Bret Hart Looks Back At Canada vs. USA Comments From 1997 WWF

The 1997 angle which saw Bret Hart turn heel against Steve Austin at WrestleMania 13 and embrace foreign countries, while verbally degrading America every chance he got, is one of the most fondly remembered storylines in WWE history.

At the time, the then-World Wrestling Federation had never seen a storyline that utilized the element of a polarizing audience to the degree of that storyline.

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Speaking with Fightful’s Sean Ross Sapp, Bret Hart recalled how much fun it was coming up with intelligent verbiage for that angle.

"I remember in the beginning they would have me say stuff. I remember I’m walking this line between being a babyface and a heel, and I remember a lot of times saying, 'I’ve got to say something smarter than that. I can’t just go out there and say stupid stuff. I’m kind of still a babyface. It has to be done in a very intelligent way,'" said Bret. "I think there was an effort to keep it pretty smart in the beginning. That was where it kind of petered out was when they cut the power on me. Vince mysteriously ran out of ideas about the end of August. They didn’t really push the US / Canada promos for me. Vince was the one that came up with the idea of the storyline about giving Pittsburgh an enema. I remember I was like, ‘Geez, that’s a bit strong.’ ‘Cause I always liked Pittsburgh as a city. It’s like, ‘Yeah, you gotta say that.’ It was always one of the things, I’m not sure I’ve ever been forgiven in Pittsburgh for saying that."

That angle would take Bret Hart from WrestleMania 13 to the Survivor Series in 1997 or he would have the infamous match with Shawn Michaels in Montreal, Quebec, Canada, otherwise known as the “Montreal Screwjob.” Bret Hart says that Vince McMahon was very Hands-On with his anti-American gimmick until the end of summer and his match with The Undertaker at the 1997 SummerSlam event.

Bret Hart would work with "The Patriot" Del Wilkes at the In Your House: Ground Zero event and then compete in a tag team Flag Match alongside Davey Boy Smith against Vader and The Patriot at In Your House: Badd Blood, but by then, Bret Hart was beginning to feel like all of the steam had been taken away from the story.

"But, Vince was hands-on telling me how to do the whole US / Canada thing. One of the things that happened after SummerSlam, after I worked with the Patriot and the Undertaker. But, that time period they just cut the power. If you watched my promos for the next two months, I’m walking out there and it’s the same thing as I had in WCW where I don’t know what I’m talking about," said the five-time WWE Champion. "I don’t have anything to say other than I’m saying what I said the week before. It’s just ranting about Canadians being better than Americans. It lost a lot of its power because ultimately Vince McMahon, he’s the idea guy. He was a big part of the success of that US / Canada thing working ‘cause he was giving me a lot of ideas. I think it was part of my intentional grounding was to go, ‘Okay, now we’ll cut the power on him. Let him go out there and he doesn’t know what to go out there and say.’"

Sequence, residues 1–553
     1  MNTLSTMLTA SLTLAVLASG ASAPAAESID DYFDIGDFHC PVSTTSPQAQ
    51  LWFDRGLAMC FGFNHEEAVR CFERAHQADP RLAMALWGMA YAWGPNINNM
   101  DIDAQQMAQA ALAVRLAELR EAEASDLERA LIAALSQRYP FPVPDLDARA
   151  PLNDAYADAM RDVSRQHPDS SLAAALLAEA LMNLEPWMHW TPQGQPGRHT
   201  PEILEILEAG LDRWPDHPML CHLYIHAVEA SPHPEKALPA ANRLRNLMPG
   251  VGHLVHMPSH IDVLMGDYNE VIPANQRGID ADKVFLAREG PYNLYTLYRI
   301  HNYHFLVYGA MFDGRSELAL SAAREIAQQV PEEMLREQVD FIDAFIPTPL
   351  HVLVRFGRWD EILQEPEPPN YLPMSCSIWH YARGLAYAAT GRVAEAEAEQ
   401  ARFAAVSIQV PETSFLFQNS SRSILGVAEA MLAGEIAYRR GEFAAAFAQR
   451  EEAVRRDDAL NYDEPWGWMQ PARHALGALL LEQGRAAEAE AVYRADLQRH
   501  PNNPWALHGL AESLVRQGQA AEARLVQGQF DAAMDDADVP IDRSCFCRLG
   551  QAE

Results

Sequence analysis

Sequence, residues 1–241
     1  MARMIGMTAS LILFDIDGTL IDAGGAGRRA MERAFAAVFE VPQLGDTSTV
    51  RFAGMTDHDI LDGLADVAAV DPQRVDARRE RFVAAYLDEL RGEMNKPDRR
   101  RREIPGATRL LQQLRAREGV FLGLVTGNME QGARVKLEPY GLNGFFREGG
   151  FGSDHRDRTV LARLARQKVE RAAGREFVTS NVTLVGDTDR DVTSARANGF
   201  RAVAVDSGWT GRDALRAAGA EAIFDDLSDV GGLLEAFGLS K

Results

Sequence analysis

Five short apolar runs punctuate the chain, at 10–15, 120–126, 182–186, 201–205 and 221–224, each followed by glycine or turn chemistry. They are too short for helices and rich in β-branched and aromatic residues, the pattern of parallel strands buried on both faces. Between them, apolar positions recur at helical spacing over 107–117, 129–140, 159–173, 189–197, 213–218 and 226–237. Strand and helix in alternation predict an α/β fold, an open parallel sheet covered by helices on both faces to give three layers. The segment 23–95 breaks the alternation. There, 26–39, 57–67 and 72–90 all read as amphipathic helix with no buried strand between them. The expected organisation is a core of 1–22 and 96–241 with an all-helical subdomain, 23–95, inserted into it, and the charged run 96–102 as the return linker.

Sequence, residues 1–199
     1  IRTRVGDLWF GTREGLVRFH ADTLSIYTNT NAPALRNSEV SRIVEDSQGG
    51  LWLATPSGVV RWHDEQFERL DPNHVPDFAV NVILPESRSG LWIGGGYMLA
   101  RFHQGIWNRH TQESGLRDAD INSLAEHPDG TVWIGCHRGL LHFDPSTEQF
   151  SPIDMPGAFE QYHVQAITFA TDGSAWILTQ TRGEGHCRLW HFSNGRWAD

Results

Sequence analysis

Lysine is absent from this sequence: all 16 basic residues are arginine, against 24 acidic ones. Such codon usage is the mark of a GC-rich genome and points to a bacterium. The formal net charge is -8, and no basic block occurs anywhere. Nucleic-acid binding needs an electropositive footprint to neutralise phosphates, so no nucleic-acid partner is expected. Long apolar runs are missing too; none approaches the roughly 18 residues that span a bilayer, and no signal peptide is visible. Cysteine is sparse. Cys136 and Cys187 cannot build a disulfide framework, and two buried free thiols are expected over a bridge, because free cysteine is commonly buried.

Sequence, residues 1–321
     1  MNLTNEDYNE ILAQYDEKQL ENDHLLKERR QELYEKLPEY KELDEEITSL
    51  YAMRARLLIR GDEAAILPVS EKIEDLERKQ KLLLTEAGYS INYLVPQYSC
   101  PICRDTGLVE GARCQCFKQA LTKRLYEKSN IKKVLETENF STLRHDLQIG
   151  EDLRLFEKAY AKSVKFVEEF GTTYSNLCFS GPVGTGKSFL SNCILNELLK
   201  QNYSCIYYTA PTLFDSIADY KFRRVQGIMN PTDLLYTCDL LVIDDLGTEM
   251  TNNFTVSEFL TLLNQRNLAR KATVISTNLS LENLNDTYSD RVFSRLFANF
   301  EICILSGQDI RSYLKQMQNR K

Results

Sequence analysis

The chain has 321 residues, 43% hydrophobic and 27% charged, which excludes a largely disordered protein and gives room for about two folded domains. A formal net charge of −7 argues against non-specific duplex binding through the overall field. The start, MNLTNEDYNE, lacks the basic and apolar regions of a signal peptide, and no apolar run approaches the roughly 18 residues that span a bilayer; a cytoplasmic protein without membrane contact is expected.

He continued, "It’s too bad. I’ve always thought that was one of the smarter storylines. I always loved the line I had about ‘they don’t shoot each other and kill each other on every street corner’ and all that stuff. Turned out to be pretty fitting stuff for the times. Even in those days, when I think of the United States today and how much problems with the political tensions that they have right now, if I go back to remember those days, I can remember in some of those places like Montgomery, Alabama, and places like that, getting in my car to drive off after the show and I would have hillbilly guys in trucks follow me for miles, shaking their fists at me and trying to drive me off the road. It was dangerous stuff."

Bret Hart further explained how his promos on television would really incite the anger of some American fans.

"These guys are really mad that I’m bashing America. They were like redneck nutjobs. I had a lot of whackos that, as soon as I started putting down America, was like serious stuff to them. I’m glad that nothing bad every happened from it. I can remember telling Vince that was becoming a problem for me to leave the buildings at night at the end of the show. ‘Cause I was all by myself at the end of the night and I’ve gotta drive to the next town and there’s fans that would follow me for 50-60 miles, shaking their fists at me and trying to cut me off. Again, it was part of the strange job sometimes where they don’t understand the stuff you gotta go through on a twenty-four-hour basis."

As for what “The Hitman” really thinks about Canada/America relations, Bret Hart says that Canadians are just the more laid-back version of Americans, calling Canada "the bastard child" of Britain and America.

"Canadians have always been the more gentler, laid back version of Americans anyway. We’re really the bastard child of Britain and America. ‘Cause we’re like Americans, but we’re [Britished Americans.] It’s a unique place. Canadians always have a good temperament. I think we’re a better place ‘cause Canada, for the most part, we don’t mind wearing masks. It’s not that big of a deal."

You can see our full interview with Bret Hart at the top of the page. To hear more from Bret Hart, you can subscribe to his website and hear Confessions of the Hitman. He also has appeared on Corner Gas Animated on CTV Comedy in a cameo role.

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